My understanding of Sum
and Product
newtypes is that they serve as monoidial wrappers for numeric types. I would understand Functor
instance on them, but why there are also Applicative
, Monad
any many other seemingly useless instances? I understand that they are mathemathically OK (isomorphic to Identity
modad, right?) But what is the use case? If there is an Applicative Sum
instance, for example, I would expect to encounter a value of type Sum (a > b)
somewhere. I can't imagine where this could possibly be useful.
2 Answers
Such instances are convenient for lifting arbitrary functions to work on things that happen to currently be living inside a Sum
or Product
. For example, one might imagine wanting to do some bitwise operations on something that is nevertheless more convenient in a Sum
than bare; then liftA2 (.&.) :: Sum Int > Sum Int > Sum Int
(for example).
One could also provide this operation by giving a Bits
instance for Sum
, but generalizing that technique would require the implementors of Sum
to predict every operation one might ever want to do, which seems like a tall order. Providing Applicative
and Monad
instances give a onceandforall translation for users to lift any function they like  including ones the implementors of Sum
did not predict being useful.

Yes, but that's arguably an abuse of the
Applicative
class. It's much better to useIso
combinators for this purpose. Commented Sep 27, 2016 at 16:57 
1@leftaroundabout Can you say carefully what is better about the
Iso
combinators? Naively, they look like a strange tradeoff: it's a very heavy dependency (certainly not one that should be rolled into base), and the syntax for lifting two or moreargument functions looks verbose compared to a single application ofliftA2
. Commented Sep 27, 2016 at 17:01 
1@leftaroundabout, when I look at
au
andauf
, mine eyes glazeth over.– dfeuerCommented Sep 27, 2016 at 17:02 
@DanielWagner well, I didn't particularly suggest using
lenses
to accomplishliftA2 (.&.)
onSum
. That is certainly not sensible. What I actually meant is that it doesn't do much good to keepSum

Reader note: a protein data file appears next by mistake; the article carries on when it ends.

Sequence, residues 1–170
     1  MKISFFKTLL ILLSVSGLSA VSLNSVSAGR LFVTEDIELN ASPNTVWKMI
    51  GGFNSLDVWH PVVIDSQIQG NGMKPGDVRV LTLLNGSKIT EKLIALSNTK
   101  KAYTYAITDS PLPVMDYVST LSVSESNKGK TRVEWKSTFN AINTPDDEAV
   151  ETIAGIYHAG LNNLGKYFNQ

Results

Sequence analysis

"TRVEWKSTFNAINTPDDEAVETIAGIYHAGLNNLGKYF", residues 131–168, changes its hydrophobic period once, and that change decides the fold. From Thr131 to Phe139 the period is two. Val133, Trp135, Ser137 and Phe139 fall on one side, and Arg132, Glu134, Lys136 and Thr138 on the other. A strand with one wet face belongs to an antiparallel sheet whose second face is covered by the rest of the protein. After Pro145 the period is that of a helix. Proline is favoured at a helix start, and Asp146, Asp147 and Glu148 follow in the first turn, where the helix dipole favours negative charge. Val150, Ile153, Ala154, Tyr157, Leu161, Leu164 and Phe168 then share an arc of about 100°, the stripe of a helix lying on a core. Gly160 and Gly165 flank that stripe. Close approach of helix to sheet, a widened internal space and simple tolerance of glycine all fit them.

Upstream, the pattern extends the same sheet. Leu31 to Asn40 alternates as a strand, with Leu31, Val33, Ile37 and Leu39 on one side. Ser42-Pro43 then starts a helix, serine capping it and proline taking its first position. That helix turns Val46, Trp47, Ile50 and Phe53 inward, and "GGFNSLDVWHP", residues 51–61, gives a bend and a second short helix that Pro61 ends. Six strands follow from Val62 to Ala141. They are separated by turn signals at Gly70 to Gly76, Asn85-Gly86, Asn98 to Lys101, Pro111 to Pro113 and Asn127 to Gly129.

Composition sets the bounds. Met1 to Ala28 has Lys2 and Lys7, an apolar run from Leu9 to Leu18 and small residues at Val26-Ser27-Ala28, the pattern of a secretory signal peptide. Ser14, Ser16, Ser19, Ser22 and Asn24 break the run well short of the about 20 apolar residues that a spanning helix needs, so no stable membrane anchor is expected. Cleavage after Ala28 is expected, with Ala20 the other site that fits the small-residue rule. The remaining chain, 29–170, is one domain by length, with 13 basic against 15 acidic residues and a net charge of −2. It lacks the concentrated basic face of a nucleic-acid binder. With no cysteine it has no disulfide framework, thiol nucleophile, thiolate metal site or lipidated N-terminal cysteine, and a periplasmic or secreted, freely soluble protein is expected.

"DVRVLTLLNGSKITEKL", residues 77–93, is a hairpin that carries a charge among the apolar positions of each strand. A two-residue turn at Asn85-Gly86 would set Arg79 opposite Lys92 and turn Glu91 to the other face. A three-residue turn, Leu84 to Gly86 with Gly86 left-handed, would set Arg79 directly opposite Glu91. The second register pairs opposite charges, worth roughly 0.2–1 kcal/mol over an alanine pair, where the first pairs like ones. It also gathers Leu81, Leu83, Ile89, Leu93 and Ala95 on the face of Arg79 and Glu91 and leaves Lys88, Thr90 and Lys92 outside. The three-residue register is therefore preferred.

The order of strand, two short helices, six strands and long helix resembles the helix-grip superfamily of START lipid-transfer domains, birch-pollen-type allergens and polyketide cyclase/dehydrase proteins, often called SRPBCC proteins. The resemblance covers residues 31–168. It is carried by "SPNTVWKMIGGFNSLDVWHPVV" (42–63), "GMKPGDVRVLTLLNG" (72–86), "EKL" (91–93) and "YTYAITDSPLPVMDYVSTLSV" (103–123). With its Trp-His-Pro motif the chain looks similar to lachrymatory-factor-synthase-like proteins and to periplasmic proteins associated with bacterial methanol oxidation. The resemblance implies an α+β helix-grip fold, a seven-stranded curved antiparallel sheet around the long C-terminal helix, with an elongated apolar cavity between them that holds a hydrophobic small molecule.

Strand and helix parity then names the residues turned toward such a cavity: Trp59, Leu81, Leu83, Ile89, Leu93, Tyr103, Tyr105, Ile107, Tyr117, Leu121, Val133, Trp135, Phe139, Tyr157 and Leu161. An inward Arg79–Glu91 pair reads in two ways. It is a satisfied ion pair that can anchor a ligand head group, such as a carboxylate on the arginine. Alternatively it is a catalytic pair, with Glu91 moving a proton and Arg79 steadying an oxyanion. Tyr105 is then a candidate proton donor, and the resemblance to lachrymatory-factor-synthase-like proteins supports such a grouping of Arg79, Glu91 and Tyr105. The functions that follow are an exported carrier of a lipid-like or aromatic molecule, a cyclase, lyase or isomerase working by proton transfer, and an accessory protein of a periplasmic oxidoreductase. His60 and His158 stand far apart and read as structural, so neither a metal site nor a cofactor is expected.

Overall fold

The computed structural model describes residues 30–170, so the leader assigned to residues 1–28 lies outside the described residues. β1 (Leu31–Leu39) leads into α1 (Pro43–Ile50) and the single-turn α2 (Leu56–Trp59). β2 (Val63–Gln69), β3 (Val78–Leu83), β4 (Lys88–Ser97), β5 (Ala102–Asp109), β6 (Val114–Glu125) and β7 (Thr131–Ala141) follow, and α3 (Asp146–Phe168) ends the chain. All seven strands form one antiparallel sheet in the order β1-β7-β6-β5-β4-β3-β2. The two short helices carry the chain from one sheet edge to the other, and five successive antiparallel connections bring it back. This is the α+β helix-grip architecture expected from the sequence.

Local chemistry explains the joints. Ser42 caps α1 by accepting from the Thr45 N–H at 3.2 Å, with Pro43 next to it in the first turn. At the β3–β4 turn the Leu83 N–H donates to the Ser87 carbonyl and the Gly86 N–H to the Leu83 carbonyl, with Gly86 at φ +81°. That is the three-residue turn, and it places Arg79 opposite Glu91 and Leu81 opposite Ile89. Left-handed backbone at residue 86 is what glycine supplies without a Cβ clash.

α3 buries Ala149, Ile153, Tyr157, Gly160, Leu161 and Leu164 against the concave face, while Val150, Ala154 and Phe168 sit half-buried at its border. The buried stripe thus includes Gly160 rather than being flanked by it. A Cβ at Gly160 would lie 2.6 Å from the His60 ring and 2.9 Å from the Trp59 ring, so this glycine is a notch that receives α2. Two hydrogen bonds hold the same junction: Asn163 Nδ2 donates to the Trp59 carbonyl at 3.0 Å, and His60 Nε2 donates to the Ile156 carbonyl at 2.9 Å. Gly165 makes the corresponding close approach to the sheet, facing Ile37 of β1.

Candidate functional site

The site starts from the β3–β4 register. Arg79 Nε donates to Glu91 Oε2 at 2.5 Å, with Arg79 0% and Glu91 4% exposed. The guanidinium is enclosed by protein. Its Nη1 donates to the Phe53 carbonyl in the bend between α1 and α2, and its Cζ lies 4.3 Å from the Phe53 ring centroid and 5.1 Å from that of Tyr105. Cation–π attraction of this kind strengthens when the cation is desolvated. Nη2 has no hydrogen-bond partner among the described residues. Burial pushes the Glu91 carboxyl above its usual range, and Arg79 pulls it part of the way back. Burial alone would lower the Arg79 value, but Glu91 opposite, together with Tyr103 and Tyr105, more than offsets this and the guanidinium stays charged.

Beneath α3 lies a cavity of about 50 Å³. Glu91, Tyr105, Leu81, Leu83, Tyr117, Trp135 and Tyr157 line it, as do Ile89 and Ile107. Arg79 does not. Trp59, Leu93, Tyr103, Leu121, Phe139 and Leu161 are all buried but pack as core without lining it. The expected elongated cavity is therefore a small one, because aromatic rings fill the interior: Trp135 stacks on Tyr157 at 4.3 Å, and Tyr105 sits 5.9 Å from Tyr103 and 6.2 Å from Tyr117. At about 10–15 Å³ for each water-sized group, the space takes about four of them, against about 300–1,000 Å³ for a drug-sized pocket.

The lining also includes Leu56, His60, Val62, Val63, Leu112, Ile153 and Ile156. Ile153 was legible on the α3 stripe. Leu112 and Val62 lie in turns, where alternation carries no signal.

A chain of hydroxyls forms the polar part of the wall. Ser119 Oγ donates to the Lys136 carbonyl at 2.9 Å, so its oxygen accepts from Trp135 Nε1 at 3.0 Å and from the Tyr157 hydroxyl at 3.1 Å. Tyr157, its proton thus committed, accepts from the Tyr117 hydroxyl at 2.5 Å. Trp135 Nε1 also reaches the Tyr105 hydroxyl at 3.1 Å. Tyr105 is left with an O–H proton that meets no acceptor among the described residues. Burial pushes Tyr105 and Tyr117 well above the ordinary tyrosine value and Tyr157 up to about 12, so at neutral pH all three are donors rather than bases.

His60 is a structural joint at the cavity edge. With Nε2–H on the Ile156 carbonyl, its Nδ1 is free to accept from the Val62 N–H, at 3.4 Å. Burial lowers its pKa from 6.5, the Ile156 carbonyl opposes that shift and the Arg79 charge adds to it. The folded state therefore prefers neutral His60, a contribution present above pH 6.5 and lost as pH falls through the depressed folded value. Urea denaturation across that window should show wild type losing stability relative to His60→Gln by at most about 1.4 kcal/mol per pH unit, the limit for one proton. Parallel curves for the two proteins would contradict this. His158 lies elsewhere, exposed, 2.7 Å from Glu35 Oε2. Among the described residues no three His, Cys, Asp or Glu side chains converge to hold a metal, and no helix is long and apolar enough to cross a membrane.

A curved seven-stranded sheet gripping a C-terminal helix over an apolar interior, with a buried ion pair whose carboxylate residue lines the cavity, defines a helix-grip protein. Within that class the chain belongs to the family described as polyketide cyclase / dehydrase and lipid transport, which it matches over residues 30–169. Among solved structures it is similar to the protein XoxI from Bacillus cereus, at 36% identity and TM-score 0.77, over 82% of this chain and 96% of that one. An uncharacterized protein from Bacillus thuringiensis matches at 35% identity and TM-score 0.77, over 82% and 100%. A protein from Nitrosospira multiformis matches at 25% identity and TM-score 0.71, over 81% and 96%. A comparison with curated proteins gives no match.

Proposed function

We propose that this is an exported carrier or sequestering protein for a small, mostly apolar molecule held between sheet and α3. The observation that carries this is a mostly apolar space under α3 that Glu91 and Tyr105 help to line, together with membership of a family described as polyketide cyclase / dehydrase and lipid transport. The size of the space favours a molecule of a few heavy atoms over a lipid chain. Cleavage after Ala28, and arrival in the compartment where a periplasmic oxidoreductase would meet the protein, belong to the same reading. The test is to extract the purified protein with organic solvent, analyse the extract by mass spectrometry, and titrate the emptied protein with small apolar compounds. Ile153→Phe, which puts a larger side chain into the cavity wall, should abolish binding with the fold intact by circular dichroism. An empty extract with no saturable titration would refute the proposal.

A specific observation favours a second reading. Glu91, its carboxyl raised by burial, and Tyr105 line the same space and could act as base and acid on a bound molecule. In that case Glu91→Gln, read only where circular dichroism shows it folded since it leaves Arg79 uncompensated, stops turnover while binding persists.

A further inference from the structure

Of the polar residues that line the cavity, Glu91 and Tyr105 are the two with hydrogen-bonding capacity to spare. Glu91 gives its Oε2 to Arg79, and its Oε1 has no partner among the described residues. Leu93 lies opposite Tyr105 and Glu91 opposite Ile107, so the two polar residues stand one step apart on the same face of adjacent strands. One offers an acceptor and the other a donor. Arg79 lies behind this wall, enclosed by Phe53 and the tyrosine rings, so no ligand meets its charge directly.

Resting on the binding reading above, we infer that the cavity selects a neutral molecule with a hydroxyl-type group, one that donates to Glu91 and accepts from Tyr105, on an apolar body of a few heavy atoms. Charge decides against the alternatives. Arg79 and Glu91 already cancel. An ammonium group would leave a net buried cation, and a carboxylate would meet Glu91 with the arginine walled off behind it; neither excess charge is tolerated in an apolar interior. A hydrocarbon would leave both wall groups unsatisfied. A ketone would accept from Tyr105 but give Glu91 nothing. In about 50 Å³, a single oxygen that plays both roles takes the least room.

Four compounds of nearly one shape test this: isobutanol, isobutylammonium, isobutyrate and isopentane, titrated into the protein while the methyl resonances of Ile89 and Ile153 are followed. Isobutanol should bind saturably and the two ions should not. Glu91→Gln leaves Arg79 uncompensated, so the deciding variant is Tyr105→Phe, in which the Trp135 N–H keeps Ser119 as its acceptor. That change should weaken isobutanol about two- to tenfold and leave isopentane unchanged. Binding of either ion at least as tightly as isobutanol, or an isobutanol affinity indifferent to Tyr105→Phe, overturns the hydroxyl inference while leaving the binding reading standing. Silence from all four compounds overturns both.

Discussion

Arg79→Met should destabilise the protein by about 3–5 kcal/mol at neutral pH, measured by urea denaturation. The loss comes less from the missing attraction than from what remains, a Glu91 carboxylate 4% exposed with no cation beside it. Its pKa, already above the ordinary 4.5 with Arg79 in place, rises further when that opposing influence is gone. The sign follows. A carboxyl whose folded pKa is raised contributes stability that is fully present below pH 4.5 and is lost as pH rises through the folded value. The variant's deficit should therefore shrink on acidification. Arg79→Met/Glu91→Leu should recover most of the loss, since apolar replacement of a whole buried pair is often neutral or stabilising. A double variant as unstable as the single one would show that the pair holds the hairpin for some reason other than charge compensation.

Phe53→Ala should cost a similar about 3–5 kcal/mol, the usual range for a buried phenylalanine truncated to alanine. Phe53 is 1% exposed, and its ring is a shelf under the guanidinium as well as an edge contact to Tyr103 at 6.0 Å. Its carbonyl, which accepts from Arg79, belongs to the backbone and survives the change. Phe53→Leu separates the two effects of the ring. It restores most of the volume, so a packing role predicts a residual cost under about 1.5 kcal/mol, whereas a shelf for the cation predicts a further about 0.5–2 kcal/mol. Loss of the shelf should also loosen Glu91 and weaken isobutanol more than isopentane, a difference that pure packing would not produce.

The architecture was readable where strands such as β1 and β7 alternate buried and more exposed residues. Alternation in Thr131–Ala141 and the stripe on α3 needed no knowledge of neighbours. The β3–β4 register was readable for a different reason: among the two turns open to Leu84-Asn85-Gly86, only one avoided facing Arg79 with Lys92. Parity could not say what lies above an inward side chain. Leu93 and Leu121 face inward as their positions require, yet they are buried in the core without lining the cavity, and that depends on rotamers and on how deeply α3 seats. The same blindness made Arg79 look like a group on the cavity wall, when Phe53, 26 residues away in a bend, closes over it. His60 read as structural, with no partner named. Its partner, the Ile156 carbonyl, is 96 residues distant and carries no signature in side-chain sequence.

wrapped values around at all and combine them like that – these newtypes are intended so you can inject them into a single algorithm that works on monoids but that you want to use with numbers, but not to actually get an result of typeSum Int
. In other words, I understandSum
more as a tag you can pass to functions to explain what to do with numbers, not as an actual type constructor. Commented Sep 27, 2016 at 18:47 
...hence I also don't find it reasonable to give them any instances at all apart from the
Monoid
one which these newtypes are all about. — The iso combinators make it easier to “tagwrap” a number into aSum
in for a single operation, without needing to manually wrap and unwrap again. Iflens
is to much of a dependency you can also use them from the original package. Commented Sep 27, 2016 at 18:48
Values like this typically result from partial application of binary operators. Assuming Functor
and Applicative
instances like
import Control.Applicative
import Data.Monoid
instance Functor Sum where
fmap f (Sum x) = Sum (f x)
instance Applicative Sum where
pure = Sum
(Sum f) <*> (Sum x) = Sum (f x)
then you can see how a value of Sum (a > b)
would arise.
> :t (*) <$> (Sum 5)
(*) <$> (Sum 5) :: Num a => Sum (a > a)
> (*) <$> (Sum 5) <*> (Sum 10)
Sum {getSum = 50}

4
x :: Sum Int; x = do { 1; 2; 3; 4; 5 }
?Sum 5
sinceSum
is the identity monad.x :: Sum Int; x = do {Sum 1; Sum 2}
) and get the actual sum with XRebindableSyntax by saying(>>) = mappend
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